Into the light

| 17 May 2012 | 02:31

WEST MILFORD — Ty Rockey was born into a world of darkness and shadows. At just two months of age, a diagnosis of Leber Congenital Amaurosis (LCA) was suggested and months of further testing confirmed it. Kelly and Chris Rockey’s first born child was blind.

The young West Milford parents had noticed something different about Ty’s eyes; he wasn’t making eye contact and had developed nystagmus, roving eye movements, both indicative of LCA.

What is LCA? LCA occurs in 2 to 3 per 100,000 newborns and is one of the most common causes of blindness in children. The disorder primarily affects the retina, the tissue that detects light and color.

There are at least 12 different types of LCA, Ty has LCA1. It’s an inherited disorder where both parents have one gene for the disease and one normal gene. Each of their children has a 25 percent chance of inheriting the two LCA genes, resulting in LCA blindness. Currently there is no testing to determine who is a carrier.

The Rockeys have since had another child, four-year old Allie, who is blessed with normal vision.

“We are both recessive carriers and it was never in our families before. With Allie, we got lucky,” Kelly said. “Ty can only see a little light and a little bit of shapes and shadows.”

Ty is now a seven-year-old first grader at Maple Road School. He’s working at grade level, learning Braille and has a district aide by his side throughout the school day. He’s an upbeat kid who wants to be independent but he sometimes runs up against difficulties.

“He struggles socially. Sometimes the kids take off and run and he doesn’t know they’re gone," said his mother. "His school work and homework are a lot harder for him, everything is in Braille.” But he’s a trooper.

He loves to jump on his trampoline, ride his bike and play in the great outdoors. He’s very active, like any other kid his age, and he and his sister are best friends.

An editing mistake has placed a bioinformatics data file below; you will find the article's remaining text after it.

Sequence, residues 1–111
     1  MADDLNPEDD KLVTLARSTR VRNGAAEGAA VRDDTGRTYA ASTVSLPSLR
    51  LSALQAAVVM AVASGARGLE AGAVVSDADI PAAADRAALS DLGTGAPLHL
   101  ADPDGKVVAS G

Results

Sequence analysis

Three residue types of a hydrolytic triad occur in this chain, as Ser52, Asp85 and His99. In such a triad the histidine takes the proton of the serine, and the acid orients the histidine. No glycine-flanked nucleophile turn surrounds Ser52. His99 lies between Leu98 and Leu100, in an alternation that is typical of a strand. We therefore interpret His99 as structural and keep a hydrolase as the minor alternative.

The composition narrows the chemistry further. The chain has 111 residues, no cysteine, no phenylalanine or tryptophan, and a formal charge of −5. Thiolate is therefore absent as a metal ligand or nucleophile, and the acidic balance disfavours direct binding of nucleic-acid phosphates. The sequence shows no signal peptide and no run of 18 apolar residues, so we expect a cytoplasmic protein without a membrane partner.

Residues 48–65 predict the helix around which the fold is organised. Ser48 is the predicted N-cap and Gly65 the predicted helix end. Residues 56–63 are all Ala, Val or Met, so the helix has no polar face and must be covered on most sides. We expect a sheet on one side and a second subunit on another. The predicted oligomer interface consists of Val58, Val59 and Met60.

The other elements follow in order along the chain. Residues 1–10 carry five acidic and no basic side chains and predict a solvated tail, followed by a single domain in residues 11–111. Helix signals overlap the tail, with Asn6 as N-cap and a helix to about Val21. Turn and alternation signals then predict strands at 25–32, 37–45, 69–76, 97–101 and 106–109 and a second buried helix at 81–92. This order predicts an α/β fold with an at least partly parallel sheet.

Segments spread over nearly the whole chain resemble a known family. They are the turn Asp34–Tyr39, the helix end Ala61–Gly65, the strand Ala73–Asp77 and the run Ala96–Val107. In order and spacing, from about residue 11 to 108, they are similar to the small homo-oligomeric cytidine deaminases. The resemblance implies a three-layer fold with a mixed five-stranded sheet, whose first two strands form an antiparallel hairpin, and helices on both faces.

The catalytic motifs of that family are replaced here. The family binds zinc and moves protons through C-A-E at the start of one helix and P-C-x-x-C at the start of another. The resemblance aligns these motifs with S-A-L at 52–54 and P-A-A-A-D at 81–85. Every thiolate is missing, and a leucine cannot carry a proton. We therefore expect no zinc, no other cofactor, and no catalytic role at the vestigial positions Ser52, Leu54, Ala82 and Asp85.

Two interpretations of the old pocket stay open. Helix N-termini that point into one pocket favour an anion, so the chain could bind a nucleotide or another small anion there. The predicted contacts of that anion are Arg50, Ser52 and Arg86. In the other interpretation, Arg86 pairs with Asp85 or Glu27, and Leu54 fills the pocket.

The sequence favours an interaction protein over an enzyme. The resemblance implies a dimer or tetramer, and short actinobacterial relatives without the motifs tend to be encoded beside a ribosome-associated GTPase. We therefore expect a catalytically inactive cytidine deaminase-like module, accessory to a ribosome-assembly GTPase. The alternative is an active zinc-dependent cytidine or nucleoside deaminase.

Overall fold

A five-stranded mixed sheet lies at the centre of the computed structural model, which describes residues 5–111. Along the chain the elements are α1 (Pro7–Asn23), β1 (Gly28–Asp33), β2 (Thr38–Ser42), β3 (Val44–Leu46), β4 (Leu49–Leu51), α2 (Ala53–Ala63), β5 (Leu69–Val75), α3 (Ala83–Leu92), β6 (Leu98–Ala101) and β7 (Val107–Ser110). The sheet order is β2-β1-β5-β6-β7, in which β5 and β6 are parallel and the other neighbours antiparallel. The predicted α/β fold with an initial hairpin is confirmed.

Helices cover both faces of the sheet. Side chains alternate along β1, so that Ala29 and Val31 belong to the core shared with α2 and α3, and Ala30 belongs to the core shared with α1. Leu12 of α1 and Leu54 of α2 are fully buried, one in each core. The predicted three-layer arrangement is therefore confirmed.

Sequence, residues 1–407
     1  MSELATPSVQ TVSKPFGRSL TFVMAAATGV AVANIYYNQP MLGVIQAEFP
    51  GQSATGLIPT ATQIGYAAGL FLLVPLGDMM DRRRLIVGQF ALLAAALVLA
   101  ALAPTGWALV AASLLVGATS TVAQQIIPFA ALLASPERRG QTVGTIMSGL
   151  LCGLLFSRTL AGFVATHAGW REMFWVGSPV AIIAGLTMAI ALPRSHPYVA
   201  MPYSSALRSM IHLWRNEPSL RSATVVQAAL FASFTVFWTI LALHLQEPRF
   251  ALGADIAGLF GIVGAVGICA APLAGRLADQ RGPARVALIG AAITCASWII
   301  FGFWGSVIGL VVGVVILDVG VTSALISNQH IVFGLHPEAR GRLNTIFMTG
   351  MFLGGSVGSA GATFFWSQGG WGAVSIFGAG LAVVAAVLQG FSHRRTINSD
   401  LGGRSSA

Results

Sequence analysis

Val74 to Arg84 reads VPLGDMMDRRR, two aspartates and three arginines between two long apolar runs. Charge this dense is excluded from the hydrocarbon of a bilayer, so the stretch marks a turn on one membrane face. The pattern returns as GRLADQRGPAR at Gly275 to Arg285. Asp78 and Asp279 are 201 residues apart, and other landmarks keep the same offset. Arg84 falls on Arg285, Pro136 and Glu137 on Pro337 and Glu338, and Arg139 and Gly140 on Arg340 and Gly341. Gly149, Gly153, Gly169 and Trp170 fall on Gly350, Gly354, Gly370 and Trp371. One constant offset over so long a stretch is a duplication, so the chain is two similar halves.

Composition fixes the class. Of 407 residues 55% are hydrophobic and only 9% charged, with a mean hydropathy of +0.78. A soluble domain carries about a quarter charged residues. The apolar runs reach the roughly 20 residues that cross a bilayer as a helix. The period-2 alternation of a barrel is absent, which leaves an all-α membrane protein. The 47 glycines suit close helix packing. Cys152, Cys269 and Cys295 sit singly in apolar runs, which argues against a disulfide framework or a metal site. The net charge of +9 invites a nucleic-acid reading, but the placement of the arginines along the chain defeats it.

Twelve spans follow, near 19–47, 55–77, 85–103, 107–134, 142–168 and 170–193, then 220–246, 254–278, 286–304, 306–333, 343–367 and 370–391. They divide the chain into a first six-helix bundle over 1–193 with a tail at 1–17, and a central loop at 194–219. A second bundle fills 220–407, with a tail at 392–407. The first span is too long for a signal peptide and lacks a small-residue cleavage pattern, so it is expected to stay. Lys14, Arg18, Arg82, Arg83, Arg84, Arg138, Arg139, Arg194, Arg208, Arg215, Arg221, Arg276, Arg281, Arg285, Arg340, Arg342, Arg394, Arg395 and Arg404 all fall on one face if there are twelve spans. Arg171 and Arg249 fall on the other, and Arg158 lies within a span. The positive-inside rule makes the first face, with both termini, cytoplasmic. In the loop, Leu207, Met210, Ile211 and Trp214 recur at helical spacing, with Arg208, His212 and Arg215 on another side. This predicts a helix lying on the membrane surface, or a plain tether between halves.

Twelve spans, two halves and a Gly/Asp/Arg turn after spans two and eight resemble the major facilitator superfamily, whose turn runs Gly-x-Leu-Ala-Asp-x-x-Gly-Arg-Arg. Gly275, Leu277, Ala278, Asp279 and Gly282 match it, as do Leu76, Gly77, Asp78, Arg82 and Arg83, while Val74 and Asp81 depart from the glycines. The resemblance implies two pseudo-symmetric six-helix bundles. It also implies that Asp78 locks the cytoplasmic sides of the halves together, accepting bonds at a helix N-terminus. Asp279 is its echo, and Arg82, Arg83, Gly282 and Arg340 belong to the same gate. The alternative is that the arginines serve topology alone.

“She holds his hand and takes him where he wants to go,” Kelly said.

Music is a key There’s another thing Ty loves and that’s music. He started playing guitar when he was three years old and last year he decided he’d like to try singing. To that end, the Rockeys brought him to Deborah “Zuke” Smith, owner of zuketunes LLC.

Smith, a neighbor of the Rockeys, is an artist and vocal coach with a big heart and a strong sense of community. She encourages her students to share their gifts and when Ty came to her as a student she lined him up with Emma Ferony, one of her junior vocal coaches. It was a match made in heaven. Emma has been known to piggy-back Ty to his lessons and Ty is pretty sure he wants to marry Emma when he grows up. Ty’s singing is joyful.

“You can tell that singing moves every atom in his body. He just wants to let go, let it out and share it. He’s a beacon for the rest of us,” Smith said.

"There's a cure on the horizon"

There’s another beacon on the horizon - this one for Ty and his family. In a few weeks Ty will be going to Philadelphia to meet with Dr. Samuel Jacobson at the Scheie Eye Institute, the Department of Ophthalmology for the University of Pennsylvania Health System and University of Pennsylvania School of Medicine. Dr. Jacobson is about to start human clinical trials on LCA1, using gene therapy to replace a missing protein, hopefully restoring vision in those afflicted with LCA1. Ty will be tested to see if he is a candidate for the therapy.

“We are so close to a cure right now. We want to help get the trials off the ground," said Kelly Rockey. "This is pioneering research and it’s exciting that we’ve come this far in seven years. There’s a cure on the horizon.”

As with all research, funding is the key that can open the doors. Deborah Smith and the Rockeys want to help shape that key.

Smith has corralled 30 of her students, including Ty, to get together for an afternoon of musical entertainment, a sure-fire day of fun with all proceeds going directly to Dr. Jacobson’s research. The event, to be held at the West Milford Elks lodge on Sunday, May 20, will help raise funds as well as awareness of LCA.

The Rockey family eagerly awaits their trip to Philadelphia. At that time they will personally present a check to the doctor and every dollar raised will be a blessing. From the West Milford community, directly into the hands of Jacobson and the researchers; you can almost feel the connection and the hope.